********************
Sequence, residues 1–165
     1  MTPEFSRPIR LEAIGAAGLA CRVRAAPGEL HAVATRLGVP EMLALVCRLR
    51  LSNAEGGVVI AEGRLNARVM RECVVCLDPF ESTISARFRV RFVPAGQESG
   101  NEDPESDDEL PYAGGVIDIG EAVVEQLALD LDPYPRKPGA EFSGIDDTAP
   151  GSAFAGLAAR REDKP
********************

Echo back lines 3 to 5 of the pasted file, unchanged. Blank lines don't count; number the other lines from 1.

    51  LSNAEGGVVI AEGRLNARVM RECVVCLDPF ESTISARFRV RFVPAGQESG
   101  NEDPESDDEL PYAGGVIDIG EAVVEQLALD LDPYPRKPGA EFSGIDDTAP
   151  GSAFAGLAAR REDKP